A vehicle that can drive on the roads and then fly above them is a utopian idea for many people. But designer, engineer and visionary Štefan Klein has believed in the idea from the very beginning.
“I’ve never doubted that the idea of a flying car is realistic,” says Klein. “Now, about 30 years after I began developing my first concept of a car able to transform into an airplane, the time has arrived.”
What the flying car embodies in the eyes of its designer is freedom: not only does it transport people from one place to another without any need of changing vehicles; it also enables drivers to admire the country from above.
When Klein, now 59 years old, first started working on the concept in 1989, there were two flying car projects underway – one in the US, and his. Now, about 120 companies, including giants like Airbus and Boeing, are working on their own flying car concepts.
Klein recalls that it also took some time until the concept as used today was developed.
“We are now in the preliminary phase, searching for the best concepts. And that’s what excites me the most about this search,” he said.
How it all began
Klein grew up by a small airport in Nitra. As a child, he used to spend a lot of time with his father and brothers in the family’s workshop. He started to fly gliders when he was 14 years old and driving motorbikes even earlier.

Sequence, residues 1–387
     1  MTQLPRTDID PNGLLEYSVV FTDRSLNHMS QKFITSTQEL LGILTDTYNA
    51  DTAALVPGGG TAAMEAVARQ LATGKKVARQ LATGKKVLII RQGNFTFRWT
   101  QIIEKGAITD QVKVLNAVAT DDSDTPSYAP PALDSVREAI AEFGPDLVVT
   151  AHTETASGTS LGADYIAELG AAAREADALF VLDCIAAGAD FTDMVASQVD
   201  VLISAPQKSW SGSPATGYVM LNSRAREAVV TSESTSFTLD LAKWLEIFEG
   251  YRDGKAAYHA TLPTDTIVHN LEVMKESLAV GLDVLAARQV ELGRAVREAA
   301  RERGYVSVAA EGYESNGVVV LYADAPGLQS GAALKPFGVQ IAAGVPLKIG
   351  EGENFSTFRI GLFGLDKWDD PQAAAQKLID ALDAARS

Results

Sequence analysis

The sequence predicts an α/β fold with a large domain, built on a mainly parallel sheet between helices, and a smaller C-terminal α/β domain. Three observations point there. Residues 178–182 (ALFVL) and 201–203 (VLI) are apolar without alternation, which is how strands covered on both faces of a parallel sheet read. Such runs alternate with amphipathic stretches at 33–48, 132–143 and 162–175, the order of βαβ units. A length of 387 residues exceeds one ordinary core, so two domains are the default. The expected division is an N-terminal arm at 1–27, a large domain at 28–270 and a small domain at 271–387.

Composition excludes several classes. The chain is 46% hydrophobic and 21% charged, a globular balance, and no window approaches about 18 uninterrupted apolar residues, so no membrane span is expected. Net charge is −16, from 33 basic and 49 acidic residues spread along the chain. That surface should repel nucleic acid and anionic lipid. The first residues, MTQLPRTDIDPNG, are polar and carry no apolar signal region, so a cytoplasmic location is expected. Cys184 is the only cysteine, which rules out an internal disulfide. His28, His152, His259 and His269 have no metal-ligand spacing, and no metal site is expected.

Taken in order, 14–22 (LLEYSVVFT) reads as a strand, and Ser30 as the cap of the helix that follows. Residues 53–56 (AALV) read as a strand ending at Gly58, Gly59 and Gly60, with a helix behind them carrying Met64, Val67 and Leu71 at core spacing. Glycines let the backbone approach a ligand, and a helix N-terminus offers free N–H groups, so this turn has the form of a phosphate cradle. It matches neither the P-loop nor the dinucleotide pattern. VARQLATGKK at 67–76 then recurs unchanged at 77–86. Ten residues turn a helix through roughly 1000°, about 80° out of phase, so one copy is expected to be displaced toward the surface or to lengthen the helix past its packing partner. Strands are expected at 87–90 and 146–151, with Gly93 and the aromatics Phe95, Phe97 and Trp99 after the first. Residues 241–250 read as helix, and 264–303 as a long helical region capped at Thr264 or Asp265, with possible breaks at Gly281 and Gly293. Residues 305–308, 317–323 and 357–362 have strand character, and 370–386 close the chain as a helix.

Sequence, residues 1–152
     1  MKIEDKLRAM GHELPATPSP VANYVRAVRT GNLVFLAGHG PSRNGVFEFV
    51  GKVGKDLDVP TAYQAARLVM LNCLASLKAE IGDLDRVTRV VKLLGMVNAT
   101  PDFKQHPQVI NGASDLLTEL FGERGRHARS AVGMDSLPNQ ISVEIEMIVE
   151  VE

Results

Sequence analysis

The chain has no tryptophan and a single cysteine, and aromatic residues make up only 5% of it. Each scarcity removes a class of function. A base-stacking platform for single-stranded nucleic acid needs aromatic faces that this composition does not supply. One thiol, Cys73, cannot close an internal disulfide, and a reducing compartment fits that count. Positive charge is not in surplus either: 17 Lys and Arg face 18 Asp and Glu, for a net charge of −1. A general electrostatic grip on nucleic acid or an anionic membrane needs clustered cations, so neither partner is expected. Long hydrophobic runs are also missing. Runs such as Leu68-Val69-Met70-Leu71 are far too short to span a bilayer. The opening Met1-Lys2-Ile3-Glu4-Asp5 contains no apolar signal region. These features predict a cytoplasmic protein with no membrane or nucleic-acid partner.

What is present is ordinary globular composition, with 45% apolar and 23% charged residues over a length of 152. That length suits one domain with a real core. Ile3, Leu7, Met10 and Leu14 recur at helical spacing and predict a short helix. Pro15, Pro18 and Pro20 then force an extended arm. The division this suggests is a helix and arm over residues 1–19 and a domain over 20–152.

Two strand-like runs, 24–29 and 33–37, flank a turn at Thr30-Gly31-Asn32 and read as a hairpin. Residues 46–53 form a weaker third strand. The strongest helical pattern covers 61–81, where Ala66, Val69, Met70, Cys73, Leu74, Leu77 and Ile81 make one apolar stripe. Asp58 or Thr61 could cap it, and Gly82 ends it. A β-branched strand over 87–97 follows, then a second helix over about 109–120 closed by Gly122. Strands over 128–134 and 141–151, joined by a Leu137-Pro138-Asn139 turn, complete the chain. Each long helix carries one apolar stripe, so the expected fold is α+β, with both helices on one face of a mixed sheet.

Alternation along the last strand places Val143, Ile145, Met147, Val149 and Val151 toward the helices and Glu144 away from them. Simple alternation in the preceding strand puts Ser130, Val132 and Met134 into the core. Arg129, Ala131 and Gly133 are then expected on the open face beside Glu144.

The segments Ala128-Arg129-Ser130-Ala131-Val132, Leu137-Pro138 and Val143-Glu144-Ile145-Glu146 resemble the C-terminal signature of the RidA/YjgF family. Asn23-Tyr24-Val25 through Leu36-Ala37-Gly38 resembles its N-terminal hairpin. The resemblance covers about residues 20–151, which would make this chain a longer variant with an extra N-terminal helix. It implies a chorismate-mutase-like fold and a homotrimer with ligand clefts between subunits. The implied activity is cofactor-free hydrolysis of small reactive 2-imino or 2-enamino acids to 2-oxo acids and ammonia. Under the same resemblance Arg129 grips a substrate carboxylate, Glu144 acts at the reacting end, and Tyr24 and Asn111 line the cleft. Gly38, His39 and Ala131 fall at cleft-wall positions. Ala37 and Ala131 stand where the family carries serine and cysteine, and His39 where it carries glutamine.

“My father was a mechanical engineer with artistic talent, so we were always in the workshop,” said Klein.
He followed the family tradition, and after graduating from secondary school, enrolled at the technical university, even though he toyed with the idea of studying sculpture as well. His goal was to find an occupation in which he would be able to design something from the initial idea to the final product.
“In the late 1970s, design was a marginal issue and information about it was scarce,” said Klein, for whom a perfect product is one that merges excellent design with proper function.
During his university studies, he discovered that it is possible to study design at the Academy of Fine Arts and Design in Bratislava.
Once he graduated from the Slovak University of Technology in Bratislava, he enrolled at the academy, succeeding out of about 500 students. He was one of the two lucky applicants who made it in.
Being both a technical engineer and designer has greatly extended his capabilities. He sees it as a huge advantage today.
“I did not need to rely on specialists many times, since I was able to come up with technical solutions myself,” said Klein.
First flying car